The New York Times is reporting tonight online that a new Justice Department internal report indicates the Bush Department of Justice broke several laws intended to prevent the politicization of the Judicial system. DOJ supervisors did this ".. by using politics to guide their hiring decisions for a wide range of
important department positions, slowing the hiring process at critical
times and damaging the department’s credibility and independence, an internal report concluded Monday."
It wasn’t enough to be Republican, two Justice Department officials also made sure the Republicans were the "right type" of Republicans, meaning socially conservative. They "would look for key phrases like ‘abortion,’ ‘homosexual,’ ‘guns,’ or ‘Florida re-count’ to get information on a candidate’s political
leanings," according to the NYT. The article said,
Ms. Goodling, who testified before Congress in May 2007 at the height of the scandal over the firings of nine United States attorneys, introduced politics into the hiring process in a systematic way that constituted illegal misconduct, the report found.
Last month, the inspector general, Glenn A. Fine,
released a separate report that found a similar pattern of politicized
hiring at the Justice Department in reviewing applications from young
lawyers for the honors and intern programs. The new report released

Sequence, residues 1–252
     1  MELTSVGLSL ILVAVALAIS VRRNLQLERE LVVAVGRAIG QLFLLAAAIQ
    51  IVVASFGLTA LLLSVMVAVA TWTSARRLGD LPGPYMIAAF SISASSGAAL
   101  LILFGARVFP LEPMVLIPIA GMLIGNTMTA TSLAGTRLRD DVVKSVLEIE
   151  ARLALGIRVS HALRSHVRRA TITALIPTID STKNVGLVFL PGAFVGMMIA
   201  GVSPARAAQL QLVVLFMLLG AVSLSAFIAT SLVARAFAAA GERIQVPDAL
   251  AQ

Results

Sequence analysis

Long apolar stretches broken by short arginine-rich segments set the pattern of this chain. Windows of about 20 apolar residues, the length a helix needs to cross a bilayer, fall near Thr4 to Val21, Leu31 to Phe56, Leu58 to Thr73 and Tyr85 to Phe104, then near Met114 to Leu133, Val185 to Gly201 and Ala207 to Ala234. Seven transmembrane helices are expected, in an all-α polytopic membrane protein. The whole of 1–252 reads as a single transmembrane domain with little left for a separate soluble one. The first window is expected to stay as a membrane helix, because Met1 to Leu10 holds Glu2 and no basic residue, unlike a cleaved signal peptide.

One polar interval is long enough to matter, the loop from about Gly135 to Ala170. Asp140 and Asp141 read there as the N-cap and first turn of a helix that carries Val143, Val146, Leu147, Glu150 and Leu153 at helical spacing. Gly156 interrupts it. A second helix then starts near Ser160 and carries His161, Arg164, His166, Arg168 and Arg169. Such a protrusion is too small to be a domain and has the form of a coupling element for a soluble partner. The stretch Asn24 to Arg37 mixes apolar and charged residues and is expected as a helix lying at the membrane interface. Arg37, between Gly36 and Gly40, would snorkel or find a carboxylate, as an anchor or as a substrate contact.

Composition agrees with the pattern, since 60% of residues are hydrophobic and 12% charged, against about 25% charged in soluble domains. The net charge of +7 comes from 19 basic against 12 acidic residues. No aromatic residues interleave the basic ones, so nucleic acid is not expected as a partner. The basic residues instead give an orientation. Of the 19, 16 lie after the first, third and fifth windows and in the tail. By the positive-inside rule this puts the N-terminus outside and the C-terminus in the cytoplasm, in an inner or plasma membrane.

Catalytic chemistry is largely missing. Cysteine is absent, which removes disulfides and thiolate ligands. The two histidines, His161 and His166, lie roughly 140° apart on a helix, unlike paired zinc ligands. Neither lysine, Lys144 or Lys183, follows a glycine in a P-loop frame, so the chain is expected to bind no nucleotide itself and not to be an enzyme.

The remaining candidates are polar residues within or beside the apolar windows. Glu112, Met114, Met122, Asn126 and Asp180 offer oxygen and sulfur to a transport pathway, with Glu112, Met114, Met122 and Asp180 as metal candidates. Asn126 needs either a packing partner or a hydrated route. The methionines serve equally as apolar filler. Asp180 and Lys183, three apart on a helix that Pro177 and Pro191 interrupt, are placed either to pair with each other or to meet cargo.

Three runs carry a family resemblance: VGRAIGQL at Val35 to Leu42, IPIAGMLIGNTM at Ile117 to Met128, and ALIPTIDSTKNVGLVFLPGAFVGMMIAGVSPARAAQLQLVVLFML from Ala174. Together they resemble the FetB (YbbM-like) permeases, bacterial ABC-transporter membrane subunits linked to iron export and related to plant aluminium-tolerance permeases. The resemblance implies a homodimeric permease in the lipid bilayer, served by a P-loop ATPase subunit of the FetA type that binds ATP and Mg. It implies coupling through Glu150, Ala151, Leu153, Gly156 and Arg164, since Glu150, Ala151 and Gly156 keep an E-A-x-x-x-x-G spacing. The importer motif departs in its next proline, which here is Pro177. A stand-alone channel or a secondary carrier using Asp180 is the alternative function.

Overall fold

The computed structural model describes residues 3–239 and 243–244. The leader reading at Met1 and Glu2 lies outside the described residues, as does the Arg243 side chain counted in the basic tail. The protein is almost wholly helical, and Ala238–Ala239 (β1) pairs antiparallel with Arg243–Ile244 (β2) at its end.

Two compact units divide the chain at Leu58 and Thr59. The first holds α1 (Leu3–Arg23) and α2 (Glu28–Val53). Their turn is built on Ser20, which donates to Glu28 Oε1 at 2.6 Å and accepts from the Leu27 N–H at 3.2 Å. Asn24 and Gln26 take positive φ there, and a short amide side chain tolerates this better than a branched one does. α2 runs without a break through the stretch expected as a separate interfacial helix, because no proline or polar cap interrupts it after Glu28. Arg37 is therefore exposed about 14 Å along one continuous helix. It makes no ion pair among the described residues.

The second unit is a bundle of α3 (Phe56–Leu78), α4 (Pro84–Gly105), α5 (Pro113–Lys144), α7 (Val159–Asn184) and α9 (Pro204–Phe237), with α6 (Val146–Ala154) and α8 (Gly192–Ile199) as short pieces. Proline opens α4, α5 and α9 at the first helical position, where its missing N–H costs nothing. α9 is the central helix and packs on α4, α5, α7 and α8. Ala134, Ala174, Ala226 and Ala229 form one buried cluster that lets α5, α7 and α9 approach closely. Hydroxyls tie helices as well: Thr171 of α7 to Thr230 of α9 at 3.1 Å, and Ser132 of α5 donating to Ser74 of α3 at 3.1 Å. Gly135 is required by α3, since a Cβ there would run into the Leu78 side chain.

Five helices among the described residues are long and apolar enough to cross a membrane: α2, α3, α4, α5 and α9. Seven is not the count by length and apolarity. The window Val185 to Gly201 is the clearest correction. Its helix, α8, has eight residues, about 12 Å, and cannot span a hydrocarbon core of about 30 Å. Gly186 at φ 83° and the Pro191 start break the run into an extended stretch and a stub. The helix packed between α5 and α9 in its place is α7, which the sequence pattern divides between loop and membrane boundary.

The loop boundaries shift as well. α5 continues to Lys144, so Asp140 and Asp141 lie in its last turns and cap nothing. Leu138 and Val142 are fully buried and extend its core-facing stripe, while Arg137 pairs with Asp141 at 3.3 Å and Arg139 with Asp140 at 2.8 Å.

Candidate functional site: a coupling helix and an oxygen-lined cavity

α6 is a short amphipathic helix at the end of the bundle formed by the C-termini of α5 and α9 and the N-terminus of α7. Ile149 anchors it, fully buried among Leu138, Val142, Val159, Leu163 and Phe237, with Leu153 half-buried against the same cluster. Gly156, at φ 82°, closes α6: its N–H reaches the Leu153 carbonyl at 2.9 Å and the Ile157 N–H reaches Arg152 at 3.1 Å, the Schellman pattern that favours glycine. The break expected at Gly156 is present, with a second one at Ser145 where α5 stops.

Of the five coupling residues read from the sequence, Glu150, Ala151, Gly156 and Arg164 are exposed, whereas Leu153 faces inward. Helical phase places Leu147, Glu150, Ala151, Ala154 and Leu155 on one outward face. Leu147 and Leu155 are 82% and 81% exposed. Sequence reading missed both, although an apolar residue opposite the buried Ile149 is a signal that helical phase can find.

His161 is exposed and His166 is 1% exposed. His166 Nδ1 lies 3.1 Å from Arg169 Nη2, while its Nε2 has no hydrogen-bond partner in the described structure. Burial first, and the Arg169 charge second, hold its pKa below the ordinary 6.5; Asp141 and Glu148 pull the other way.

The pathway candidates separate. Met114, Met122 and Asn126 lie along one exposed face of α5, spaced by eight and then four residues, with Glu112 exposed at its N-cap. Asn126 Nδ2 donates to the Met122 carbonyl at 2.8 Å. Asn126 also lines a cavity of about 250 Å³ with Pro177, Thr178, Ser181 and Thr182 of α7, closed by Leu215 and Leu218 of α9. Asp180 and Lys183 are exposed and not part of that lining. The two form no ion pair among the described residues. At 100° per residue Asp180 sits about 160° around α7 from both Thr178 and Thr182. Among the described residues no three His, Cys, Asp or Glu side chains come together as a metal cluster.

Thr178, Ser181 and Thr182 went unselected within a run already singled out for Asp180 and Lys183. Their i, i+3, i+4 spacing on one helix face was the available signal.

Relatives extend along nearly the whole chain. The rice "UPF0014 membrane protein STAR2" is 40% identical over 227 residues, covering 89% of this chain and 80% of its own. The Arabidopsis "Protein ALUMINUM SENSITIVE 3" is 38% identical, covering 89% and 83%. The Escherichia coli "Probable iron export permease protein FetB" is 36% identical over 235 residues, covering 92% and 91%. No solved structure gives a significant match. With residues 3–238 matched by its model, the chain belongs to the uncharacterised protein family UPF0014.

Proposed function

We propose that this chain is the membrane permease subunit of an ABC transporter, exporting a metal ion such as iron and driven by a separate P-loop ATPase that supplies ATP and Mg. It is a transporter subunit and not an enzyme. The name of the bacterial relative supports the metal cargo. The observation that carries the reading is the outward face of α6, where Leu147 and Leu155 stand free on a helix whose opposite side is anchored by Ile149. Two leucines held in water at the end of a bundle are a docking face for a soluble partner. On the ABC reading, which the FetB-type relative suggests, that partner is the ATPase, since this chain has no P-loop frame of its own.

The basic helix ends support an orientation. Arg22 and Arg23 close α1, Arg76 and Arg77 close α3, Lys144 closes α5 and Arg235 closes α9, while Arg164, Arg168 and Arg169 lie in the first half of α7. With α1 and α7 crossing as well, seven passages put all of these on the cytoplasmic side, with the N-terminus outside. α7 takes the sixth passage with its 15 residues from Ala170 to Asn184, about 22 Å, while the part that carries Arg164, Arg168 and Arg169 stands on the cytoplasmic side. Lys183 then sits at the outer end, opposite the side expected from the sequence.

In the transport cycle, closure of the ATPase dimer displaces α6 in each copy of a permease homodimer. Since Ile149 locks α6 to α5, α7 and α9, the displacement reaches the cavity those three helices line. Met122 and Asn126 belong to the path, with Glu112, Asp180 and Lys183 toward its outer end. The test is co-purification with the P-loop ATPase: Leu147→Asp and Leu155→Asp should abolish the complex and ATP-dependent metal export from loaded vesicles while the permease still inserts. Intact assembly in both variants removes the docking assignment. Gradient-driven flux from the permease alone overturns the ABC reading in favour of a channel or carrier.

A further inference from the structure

Monday goes much further, however, in documenting pervasive evidence of
political hiring for some of the department’s most senior career,
apolitical positions, including immigration judges and assistant United States attorneys.
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This is just the latest evidence of the Bush Administration steering the nation dramatically out of the mainstream and veering hard right, to a fringe ideology that has used social issues to rally their fundamentalist base and distract voters from larger issues. Most importantly, the Bush Administration is now clearly being seen as doing far more to damage Americans’ trust in the Justice Department and the Judiciary as a whole by making it just one more highly partisan, divisive and ideological extension of the Bush White House.
This may be one reason that many moderate Republicans and even conservatives close to Ronald Reagan are actively supporting Sen. Barack Obama for President even though they may disagree on some policy issues, but on larger constitutional issues see a real threat to our democracy posed by continuing on the wrong track Bush set for the nation.